My rating: 3 out of 5 stars
“The Stepsister Scheme” was recommended to me by a friend of mine, after a discussion of fairytale retellings. She insisted that this was a particularly good series if I was interested in that sort of thing, and though my to-read list was already long enough, I agreed to give the first book a try.
Usually I am something of a skeptic when it comes to books suggested by friends of acquaintances. Not because any of them have poor taste, but because I simply prefer to select my own reading material. In this case, I was glad I took my friend’s advice.
The opening book in Jim C. Hines Princess series began kind of slowly, relying on the strength of its characters to get the ball rolling. If there was any one factor that kept me reading–even when the action slowed–it was how well-developed the characters were. The three princesses were especially indicative of this fact.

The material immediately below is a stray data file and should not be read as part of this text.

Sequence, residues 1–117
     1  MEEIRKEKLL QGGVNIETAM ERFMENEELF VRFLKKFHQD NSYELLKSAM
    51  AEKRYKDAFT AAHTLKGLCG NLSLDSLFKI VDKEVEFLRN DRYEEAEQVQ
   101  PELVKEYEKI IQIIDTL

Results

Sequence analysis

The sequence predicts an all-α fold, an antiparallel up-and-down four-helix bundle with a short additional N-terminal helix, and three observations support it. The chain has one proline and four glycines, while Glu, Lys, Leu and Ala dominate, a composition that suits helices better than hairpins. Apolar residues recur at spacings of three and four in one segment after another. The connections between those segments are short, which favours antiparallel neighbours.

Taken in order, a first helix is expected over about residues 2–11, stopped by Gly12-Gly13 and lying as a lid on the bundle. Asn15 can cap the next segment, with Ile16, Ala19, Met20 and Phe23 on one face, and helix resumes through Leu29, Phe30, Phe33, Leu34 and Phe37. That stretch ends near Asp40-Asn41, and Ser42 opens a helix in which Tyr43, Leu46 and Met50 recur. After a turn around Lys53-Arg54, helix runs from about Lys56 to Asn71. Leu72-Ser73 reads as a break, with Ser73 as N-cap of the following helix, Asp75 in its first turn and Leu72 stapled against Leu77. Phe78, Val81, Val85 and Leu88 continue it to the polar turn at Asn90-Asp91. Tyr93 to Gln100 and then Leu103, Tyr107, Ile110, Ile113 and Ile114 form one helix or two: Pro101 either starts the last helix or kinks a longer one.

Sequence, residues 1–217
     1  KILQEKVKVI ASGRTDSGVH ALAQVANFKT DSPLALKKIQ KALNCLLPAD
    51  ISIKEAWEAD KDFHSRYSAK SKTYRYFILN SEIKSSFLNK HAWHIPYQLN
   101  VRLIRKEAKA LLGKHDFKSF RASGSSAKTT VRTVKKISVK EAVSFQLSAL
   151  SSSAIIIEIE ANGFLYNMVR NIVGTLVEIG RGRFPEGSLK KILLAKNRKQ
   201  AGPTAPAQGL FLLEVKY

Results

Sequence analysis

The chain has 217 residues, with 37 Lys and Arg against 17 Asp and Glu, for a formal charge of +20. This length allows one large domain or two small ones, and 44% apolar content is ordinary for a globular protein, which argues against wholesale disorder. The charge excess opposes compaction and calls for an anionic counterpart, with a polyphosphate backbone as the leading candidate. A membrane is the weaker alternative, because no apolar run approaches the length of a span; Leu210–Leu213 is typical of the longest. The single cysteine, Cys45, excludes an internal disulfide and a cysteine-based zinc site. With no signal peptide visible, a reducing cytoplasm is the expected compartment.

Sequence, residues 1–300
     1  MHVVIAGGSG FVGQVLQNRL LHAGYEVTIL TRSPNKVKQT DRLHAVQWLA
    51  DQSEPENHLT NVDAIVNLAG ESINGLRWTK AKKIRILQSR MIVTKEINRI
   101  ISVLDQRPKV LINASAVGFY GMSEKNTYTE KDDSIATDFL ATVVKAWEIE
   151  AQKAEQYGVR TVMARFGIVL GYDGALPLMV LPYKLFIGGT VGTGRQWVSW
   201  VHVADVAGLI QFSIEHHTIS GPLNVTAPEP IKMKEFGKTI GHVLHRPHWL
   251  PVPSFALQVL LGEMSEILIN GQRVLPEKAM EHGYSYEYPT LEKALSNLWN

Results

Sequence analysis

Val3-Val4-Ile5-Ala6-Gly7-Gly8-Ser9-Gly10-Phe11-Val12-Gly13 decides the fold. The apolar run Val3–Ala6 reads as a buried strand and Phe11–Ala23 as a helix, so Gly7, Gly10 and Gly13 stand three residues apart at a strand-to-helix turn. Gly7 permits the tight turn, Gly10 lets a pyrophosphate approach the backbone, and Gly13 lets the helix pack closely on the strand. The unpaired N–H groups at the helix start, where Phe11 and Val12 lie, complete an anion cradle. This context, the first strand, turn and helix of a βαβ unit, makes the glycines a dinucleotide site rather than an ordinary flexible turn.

Danielle (Cinderella), Talia (Sleeping Beauty), and Snow (Snow White) are the examples I would suggest to anyone trying their hand at reworking a classic tale. While aspects of each girl’s story remained true to society’s ideas, there were plenty of differences or nuances that served to enhance each character. I was especially enthralled by the idea that there is always a difference between what is commonly known and what the truth really is. I can’t wait to see how this theme is explored throughout the series.
I was only about halfway through “The Stepsister Scheme” when I added the remaining three books to my queue, and so far I don’t regret it in the slightest. It will be interesting to see where Hines takes his three princesses for the next book–especially since the fairytale he’s addressing is one I’ve always thought required some adjustments.